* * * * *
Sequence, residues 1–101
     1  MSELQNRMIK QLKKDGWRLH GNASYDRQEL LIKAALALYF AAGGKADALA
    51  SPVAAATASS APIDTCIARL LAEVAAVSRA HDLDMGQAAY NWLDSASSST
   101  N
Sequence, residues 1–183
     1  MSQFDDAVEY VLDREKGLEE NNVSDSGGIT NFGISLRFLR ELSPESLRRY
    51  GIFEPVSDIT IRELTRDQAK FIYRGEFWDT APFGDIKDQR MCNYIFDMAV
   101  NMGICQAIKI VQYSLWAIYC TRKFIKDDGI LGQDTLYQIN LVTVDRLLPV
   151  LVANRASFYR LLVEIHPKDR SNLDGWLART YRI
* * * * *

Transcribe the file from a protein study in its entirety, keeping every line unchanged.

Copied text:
Sequence, residues 1–101
     1  MSELQNRMIK QLKKDGWRLH GNASYDRQEL LIKAALALYF AAGGKADALA
    51  SPVAAATASS APIDTCIARL LAEVAAVSRA HDLDMGQAAY NWLDSASSST
   101  N
Sequence, residues 1–183
     1  MSQFDDAVEY VLDREKGLEE NNVSDSGGIT NFGISLRFLR ELSPESLRRY
    51  GIFEPVSDIT IRELTRDQAK FIYRGEFWDT APFGDIKDQR MCNYIFDMAV
   101  NMGICQAIKI VQYSLWAIYC TRKFIKDDGI LGQDTLYQIN LVTVDRLLPV
   151  LVANRASFYR LLVEIHPKDR SNLDGWLART YRI